It is 26 years since I first saw Deacon Blue live. For twenty of those years they have been doing nothing or at best been part timers. Yet, last night in Belfast I saw them as vital as ever, tight, rockin’, crowd pleasing and yet fresh and still evolving. Ricky Ross hyped the crowd to a near religious frenzy with a call to make The Waterfront “a cathedral of holy voices” and then gave them a rich resource of songs to make it all happen. It was tangibly electric during the big hits, Wages Day, Real Gone Kid, Fergus Sings and The Blues and Dignity, all particularly floor bouncing roof lifters. Then alongside the accessible pop, for those with ears to hear Your Town, reformed from its Osborne/Oakenfield dance experiment added much menace and A Brighter Star Than You Will Shine was another reminder of how much breadth and depth this band exudes.
The radio friendly hits are Deacon Blue’s big advantage in the live setting; songs that people have lived with and loved for 20 plus years. The disadvantage is that a Deacon Blue audience may not be as interested in what’s recent, even in what is recent in the career of one of their favourite bands. So, the advantage of a brilliant new record like Hipsters, gives a real current energy to the art making on the stage but might be a little more difficult to connect to an auditorium reliving their youth. Yet, tonight the musical maturity of the band paced the show perfectly, throwing in brilliant new songs like Stars, The Outsiders, The Rest and Here I Am In London Town among the ones deeply imbedded int he hearts of the fans. That latter song was one of those slower songs more for emotional impression than for euphoric impact. Ross spoke of Here I Am In London Town as a conversation between who he was in the band’s early days compared to now – “I can picture you now/But there's still so much I can't remember/And so much to forget/But it's forgetting that makes it easy/That's how we survive.” The man’s wisdom is worth listening closely too.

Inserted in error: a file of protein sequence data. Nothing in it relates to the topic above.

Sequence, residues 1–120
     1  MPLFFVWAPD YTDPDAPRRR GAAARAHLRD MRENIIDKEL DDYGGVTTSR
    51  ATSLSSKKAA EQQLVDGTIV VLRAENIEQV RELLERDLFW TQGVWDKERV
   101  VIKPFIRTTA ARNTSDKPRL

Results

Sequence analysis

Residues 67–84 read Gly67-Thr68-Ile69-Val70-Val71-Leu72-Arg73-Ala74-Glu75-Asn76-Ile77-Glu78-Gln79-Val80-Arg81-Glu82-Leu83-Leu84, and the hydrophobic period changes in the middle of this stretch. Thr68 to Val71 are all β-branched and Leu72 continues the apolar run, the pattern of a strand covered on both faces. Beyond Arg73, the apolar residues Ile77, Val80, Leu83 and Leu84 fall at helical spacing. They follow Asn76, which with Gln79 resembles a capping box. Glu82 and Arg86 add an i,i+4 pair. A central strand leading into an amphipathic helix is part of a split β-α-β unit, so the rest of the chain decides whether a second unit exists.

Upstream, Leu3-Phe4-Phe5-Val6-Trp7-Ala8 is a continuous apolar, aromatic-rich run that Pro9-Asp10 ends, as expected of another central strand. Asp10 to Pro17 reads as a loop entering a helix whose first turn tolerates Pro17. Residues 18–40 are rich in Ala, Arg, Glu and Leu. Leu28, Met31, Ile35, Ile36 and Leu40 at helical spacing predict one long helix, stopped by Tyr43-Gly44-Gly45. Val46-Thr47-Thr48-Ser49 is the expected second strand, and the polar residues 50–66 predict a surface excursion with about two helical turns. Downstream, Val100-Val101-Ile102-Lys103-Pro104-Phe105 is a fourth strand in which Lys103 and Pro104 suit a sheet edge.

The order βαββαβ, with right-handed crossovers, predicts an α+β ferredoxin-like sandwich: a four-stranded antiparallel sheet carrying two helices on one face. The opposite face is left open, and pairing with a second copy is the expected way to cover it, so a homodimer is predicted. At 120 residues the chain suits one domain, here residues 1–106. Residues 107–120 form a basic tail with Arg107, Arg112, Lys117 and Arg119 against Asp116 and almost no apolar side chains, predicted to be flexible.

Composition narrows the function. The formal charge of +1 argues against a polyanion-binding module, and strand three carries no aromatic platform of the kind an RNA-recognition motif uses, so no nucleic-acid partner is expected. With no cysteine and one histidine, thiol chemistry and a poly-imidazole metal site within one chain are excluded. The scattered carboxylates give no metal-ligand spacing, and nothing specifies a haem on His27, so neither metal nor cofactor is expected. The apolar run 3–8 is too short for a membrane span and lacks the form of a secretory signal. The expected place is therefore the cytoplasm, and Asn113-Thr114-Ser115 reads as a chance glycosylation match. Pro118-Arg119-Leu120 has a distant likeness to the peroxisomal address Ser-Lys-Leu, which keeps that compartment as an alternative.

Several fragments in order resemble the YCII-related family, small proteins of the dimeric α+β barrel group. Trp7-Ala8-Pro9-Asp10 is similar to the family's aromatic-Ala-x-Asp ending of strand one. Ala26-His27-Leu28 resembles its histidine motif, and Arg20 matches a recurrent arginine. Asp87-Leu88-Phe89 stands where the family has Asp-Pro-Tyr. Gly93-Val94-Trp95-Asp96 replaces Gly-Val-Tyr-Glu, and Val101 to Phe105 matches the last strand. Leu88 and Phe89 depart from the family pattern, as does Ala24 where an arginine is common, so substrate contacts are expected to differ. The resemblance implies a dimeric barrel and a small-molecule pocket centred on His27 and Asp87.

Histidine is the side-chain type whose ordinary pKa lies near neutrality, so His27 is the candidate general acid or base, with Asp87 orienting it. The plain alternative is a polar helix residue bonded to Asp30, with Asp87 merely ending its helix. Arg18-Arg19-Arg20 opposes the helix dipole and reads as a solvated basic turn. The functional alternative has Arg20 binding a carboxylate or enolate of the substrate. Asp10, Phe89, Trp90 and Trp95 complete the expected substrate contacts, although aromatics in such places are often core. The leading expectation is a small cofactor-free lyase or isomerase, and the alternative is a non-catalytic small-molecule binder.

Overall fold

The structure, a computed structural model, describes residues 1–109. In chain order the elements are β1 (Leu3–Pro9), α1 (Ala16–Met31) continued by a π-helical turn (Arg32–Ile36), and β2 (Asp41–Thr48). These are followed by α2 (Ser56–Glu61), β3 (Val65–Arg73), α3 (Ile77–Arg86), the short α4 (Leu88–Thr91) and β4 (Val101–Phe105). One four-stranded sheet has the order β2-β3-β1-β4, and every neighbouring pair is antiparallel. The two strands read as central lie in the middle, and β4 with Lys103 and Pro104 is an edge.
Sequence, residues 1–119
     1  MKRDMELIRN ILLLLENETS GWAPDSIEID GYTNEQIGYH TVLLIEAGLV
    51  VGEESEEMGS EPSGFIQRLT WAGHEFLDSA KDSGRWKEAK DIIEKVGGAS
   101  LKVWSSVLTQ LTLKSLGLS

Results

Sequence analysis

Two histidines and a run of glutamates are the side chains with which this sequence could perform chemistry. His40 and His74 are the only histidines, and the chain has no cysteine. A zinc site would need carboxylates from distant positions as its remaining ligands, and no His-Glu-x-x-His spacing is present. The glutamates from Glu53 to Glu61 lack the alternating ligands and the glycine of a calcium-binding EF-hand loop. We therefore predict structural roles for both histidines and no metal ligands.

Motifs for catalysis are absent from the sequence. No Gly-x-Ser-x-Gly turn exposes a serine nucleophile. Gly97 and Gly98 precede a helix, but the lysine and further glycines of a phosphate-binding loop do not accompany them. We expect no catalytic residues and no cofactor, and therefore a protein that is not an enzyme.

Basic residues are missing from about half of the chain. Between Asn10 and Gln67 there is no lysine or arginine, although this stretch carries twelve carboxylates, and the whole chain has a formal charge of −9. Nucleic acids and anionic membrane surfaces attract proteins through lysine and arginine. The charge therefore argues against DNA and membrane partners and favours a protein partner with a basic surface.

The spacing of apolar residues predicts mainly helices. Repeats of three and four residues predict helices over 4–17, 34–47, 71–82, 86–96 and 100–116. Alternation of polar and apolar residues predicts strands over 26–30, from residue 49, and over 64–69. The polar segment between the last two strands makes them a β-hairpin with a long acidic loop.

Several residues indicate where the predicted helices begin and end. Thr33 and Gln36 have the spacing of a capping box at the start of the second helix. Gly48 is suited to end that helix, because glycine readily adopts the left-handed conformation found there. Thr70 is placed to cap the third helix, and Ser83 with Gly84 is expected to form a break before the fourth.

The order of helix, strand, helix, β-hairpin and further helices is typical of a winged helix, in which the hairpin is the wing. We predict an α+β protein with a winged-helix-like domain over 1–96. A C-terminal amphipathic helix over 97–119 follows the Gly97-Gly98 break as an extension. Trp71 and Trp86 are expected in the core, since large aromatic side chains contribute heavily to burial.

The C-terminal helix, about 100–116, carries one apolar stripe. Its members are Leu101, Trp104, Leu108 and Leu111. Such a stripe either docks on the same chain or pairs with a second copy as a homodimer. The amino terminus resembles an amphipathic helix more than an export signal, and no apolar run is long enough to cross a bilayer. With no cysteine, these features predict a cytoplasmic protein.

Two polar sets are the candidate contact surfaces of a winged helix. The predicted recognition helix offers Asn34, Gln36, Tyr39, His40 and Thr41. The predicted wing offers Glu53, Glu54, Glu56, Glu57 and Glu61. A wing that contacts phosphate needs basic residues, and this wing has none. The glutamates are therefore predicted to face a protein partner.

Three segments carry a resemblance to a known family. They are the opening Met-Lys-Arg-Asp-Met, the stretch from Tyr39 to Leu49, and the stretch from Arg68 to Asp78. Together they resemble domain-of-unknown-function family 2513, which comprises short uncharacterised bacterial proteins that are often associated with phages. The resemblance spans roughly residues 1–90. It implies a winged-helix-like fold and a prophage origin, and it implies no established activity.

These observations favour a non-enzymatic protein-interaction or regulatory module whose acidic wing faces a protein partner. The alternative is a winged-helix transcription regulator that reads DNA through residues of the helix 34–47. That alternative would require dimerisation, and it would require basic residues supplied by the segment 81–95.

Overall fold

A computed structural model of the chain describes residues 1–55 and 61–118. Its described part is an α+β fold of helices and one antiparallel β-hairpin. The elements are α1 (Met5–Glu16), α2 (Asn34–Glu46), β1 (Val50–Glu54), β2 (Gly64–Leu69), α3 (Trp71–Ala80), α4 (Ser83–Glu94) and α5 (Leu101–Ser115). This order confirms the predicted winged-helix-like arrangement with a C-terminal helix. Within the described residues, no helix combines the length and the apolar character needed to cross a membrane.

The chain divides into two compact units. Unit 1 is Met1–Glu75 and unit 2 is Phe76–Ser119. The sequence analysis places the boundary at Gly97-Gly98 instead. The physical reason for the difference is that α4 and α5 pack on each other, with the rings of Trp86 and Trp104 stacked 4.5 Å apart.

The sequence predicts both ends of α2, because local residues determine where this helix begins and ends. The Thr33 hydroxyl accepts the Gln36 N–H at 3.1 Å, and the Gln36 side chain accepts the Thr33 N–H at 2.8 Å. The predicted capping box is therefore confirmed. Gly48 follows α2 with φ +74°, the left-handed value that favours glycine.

The prophetic poignancy of Spencer Tracy Now was a grace drenched lament as Ross drew on the humanity of Harold Agnew who was involved in the atomic bomb drop on Hiroshima and Nagasaki and linked it to Syria today; the “he cries all night...” refrain was haunting and sorrowful. For Belfast and our particular troubles, sorrow and grief there was a rare outing for Take Me To The Place, a personal favourite song of mine and an introduction by Ross humbly recognising that songs can touch lives in ways the writer can never imagine or dream.
Add to all this an encore that included an Abbey Road medley and I was pretty near musical heaven. I left with a few thoughts. Firstly, I had forgotten just how many hit songs this band had. As they reappeared for one last song I wondered what was left. When Will You (Make My Telephone Ring)! Of course. Wow! What a tune! I also concluded what I have thought for some years; Dignity is probably the song I wish most that I had written. It is perfect. Story. Humanity. Justice. Hopefulness. Home. Faith. Work. And... “a place in the winter for Dignity”. Indeed. That it rocks the socks out of any venue is a bonus. Finally, I had a bizarre moment. Twenty six years ago I travelled across the Irish sea to the Henry Wood Hall in Glasgow because I loved this band so much. I was a Deacon Blue obsessive. I bought a t-shirt off one of the roadies! In the two and a half decades in between the band and myself have grown up and lived life and I ended up getting to know Ricky Ross through our other lives. Half way through Wages Day Ricky was no longer that guy I Facebook or guest on his radio show or he once on mine. He had morphed back into a rock star hero of one of my favourite bands. It was a weird moment in my head. I was obsessive again, back in 1987 with a band still writing and performing great songs in 2013.
Deacon Blue are back with a sold out show at the Waterfront to end the first half of a UK and Irish Tour reconvening again in December. They are touching the nerve of a particular generation’s emotions again; entertaining the faithful and meeting needs way beyond a good night out. And what a good night out it is!